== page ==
Walking Two Worlds introduces young people to the inspiring true story of Ely Parker, A Native American who gained greatness in both the world of whites and the world of his Seneca people. This fictionalized biography by Joseph Bruchac successfully provided me with an understanding of a great American whom I hadn’t previously known. Perhaps due to it being at hi-lo readers, Walking Two Worlds also left me with a desire to know more of what it means to be torn between two cultures.
Fictionalized biographies are a subgenre of biographies. Materials can apparently be freely invented, scenes and conversations are imagined. Indeed, while the majority of the events in Walking Two Worlds are validated in biographical accounts, Bruchac clearly takes advantage of elements allowed in this subgenre. Foremost, he often relies on dialog to create interest in Ely’s story. In addition, feelings are accredited to characters that probably can’t be substantiated with primary or even secondary sources. Then there’s the accuracy of the events themselves. While biographies do talk about an incident in which Ely was ridiculed by British officers because of his poor grasp of English, one that hardened his resolve to learn the foreign language, I couldn’t find any which detail the controversial romance between him and Clara Williams. Students may find it an interesting activity to determine which events are factual, which are more loosely based in history, and which may have been imagined.
Hi-lo novels are intended for struggling readers. They’re written at a lower reading level, but intended to have high appeal through intense action and somewhat complex themes. In telling Ely Parker’s story of how he came to draft the terms of surrender that led to the end of the Civil War, Bruchac found the perfect hook for hi-low readers by revolving all actions around a dream his mother had about her son, one that stated he’d “become a white man as well as an Indian, with great learning; he’ll be a warrior for the palefaces; he will be a wise white man, but will never desert his Indian people….” What young person doesn’t like stories with prophecy and warriors? Moreover, the majority of youth will relate to the feeling of walking between two worlds, in that they spend their teens being torn between childhood and adulthood.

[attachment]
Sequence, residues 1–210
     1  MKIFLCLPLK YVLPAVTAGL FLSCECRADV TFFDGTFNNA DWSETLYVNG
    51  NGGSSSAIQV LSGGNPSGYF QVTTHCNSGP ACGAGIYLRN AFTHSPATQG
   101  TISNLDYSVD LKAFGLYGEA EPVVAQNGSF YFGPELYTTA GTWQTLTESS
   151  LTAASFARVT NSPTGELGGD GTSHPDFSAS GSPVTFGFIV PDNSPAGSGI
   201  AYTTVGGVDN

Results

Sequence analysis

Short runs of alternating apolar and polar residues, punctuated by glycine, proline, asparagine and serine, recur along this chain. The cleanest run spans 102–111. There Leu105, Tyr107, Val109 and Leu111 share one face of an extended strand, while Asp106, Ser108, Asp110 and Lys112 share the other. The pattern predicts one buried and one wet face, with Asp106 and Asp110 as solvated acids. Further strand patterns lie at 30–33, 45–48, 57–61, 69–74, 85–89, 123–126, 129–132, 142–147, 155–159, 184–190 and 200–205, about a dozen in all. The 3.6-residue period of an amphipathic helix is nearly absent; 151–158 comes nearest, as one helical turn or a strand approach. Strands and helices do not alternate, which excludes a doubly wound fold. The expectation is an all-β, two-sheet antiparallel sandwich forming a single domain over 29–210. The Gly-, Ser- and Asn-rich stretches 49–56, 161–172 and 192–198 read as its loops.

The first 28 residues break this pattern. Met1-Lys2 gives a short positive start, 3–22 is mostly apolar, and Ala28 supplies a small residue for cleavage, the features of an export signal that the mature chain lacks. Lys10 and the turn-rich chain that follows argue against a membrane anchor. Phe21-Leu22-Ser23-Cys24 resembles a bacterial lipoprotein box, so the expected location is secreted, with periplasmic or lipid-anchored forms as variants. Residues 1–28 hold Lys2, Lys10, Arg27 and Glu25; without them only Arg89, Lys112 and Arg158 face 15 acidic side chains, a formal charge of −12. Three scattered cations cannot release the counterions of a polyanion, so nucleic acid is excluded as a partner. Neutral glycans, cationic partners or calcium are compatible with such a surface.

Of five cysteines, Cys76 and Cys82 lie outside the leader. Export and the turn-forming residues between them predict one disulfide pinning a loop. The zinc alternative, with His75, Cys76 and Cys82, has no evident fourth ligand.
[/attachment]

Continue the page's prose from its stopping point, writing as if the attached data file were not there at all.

This dream his mom had remained with the family, forever impacting their decisions. After his initial schooling, Ely went to live with relatives in an Iroquois settlement in Ontario where he learned how to hunt, fish, and trap in the old ways. When satisfied with his learning, he returned home and within a short time received admission to Yates Academy, where he quickly mastered the English language and became noted for his oratorical abilities. While at Yates, Ely was often called upon by his tribal elders to represent the reservation in Washington regarding treaty disputes with the United States government. With each one of these decisions, Ely gradually learned to walk between two worlds, as he’d continue to do for the rest of his life.
While I appreciated learning about a great American whom I hadn’t previously known, I did find Walking Two Worlds of limited appeal to me. The characters seemed one-dimensional, rarely struggling with their choices, or making mistakes. In addition, I finished the fictionalized biography wishing Bruchac had spent more time exploring what the emotional side of what it means to walk two worlds. Yet I also realized that hi-lo novels are aimed at a different audience than myself, and so don’t want to get too hung up on what turned me off about Walking Two Worlds. The bottom line is that as an hi-lo fictionalized biography, Walking Two Worlds should have an appeal to its intended audience.